Some final thoughts here: Sometimes exact units aren’t mentioned, its okay to guess and extrapolate based on everything we know about the legions and various armies. Everyone has Tactical Squads, it sure makes sense to support them with some Rhinos or Predators. A bunch of rare Leviathan Dreadnoughts bunched up in one little 2500 point force is sure cool to look at, but realistically do you think that happened often? My last bit of advice is this, make sure that your list is legal. While many players aren’t going to complain about an extra point or a unit too many here and there in casual games, events have strict rules and your list needs to be legal. Stay within the confines of a legal list so you can play the game in any event. Its incredibly disappointing to get DQ’d and not get to show off your army or play in an event you traveled for.
Is there anything unique about the units in your army. Maybe they have inverse colors schemes or certain markings that you can exemplify with decals. Are there any characters in your army that standout in the lore? Even lesser mentioned lieutenants and captains can be fun hobby projects and kit bashes that help anchor your army and connect it to an event. Would this be a time to deploy a display board to really sell the scenario you have in mind to really spell it out for viewers?
Probably my favorite phase of the process. As mentioned above I have a folder full of pictures and howtos, painting techniques and examples. I’ll even periodically reach out to fellow artists in facebook groups or discords to ask them questions about their paint jobs. Don’t be bashful, people love to help other people and will generally provide answers or link you to a video or a step by step. I’ve had complete strangers walk me through their paint schemes and show me further examples. Your scheme should help sell the mood and story you’re telling as well. Break out that color wheel and start looking at how color is going to play into the “Vibes” of the army. If you’re playing with Death Guard, greens purples, yellows and oranges are going to do wonders to exemplify illness or sickness (are you down with it?). We’ve probably all seen the amazing paint jobs of Alpha legion troops transitioning between impersonating another legion and their iconic blue metallic armor.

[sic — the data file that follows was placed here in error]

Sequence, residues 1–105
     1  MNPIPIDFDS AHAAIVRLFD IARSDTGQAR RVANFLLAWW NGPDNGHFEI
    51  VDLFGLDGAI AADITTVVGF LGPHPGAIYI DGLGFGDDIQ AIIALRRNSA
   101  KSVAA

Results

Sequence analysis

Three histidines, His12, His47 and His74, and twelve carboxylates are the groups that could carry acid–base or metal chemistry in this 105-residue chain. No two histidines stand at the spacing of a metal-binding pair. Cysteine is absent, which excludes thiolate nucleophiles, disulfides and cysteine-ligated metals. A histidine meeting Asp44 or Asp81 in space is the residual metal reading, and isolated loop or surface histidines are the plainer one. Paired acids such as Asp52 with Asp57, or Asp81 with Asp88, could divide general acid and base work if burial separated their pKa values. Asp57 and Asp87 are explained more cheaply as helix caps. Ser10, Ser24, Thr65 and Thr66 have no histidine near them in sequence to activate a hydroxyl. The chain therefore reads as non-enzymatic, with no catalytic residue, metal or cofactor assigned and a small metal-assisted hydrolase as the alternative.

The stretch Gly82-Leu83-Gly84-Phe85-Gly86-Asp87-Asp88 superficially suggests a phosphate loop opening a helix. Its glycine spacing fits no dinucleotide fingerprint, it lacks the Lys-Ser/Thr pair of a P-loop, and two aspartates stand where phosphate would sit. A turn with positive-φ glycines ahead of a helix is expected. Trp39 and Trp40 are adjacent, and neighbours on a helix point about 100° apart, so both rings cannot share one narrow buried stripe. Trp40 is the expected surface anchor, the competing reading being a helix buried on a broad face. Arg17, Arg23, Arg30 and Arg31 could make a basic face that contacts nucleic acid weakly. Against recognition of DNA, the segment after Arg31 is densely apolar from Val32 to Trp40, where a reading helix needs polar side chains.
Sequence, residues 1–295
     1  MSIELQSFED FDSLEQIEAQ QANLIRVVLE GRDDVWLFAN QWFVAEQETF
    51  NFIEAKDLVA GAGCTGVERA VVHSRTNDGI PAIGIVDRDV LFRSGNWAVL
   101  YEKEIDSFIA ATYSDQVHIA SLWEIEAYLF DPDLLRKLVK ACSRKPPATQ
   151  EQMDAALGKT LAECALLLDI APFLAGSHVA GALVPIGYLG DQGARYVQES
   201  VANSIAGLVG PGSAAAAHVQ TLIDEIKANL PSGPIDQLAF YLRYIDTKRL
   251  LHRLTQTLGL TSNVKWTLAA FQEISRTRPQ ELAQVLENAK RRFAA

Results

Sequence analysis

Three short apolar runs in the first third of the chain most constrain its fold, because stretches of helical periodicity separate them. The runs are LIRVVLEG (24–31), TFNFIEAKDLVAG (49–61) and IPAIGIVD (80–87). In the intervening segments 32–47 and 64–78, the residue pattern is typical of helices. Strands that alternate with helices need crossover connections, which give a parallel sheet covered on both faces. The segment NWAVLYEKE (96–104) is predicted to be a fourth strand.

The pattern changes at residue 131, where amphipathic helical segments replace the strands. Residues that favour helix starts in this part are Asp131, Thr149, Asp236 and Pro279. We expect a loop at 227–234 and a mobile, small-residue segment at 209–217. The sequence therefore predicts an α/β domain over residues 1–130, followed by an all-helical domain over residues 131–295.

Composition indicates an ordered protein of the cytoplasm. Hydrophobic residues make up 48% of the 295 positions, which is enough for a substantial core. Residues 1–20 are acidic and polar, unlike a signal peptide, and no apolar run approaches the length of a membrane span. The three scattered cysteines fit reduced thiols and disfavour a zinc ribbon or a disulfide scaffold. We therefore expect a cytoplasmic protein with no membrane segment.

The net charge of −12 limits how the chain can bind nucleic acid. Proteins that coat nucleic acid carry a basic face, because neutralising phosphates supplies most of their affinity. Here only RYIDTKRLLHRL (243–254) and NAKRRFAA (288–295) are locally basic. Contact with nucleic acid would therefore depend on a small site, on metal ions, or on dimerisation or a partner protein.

Simple things such as priming Grey, White, Black or a contrasting color can do wonders to set a tone. White and Grey is going to give you bright poppy, vivid colors that might convey that the army is fresh, new, and well equipped. Black primer is going to make for very dark and muted colors as though your army has seen some “stuff”. Take your time here, do some tests on junk models or spoons and really work out what you want to do. You’re going to be spending a lot of time you might as well develop a scheme that you enjoy painting that is effective.